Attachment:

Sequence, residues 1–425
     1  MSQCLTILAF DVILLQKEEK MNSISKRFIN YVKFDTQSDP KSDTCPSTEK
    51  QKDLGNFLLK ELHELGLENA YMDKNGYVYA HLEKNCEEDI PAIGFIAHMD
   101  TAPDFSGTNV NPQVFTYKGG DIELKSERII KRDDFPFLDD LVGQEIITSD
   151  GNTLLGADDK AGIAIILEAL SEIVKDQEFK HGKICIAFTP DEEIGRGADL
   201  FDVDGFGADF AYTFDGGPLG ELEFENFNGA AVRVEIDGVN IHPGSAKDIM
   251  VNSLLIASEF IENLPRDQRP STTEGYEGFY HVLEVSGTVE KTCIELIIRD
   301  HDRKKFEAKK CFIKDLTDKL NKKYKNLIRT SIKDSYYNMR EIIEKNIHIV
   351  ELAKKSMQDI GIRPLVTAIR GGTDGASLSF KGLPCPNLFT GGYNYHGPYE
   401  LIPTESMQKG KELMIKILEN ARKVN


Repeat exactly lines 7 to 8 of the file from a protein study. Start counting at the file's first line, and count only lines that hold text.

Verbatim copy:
   251  VNSLLIASEF IENLPRDQRP STTEGYEGFY HVLEVSGTVE KTCIELIIRD
   301  HDRKKFEAKK CFIKDLTDKL NKKYKNLIRT SIKDSYYNMR EIIEKNIHIV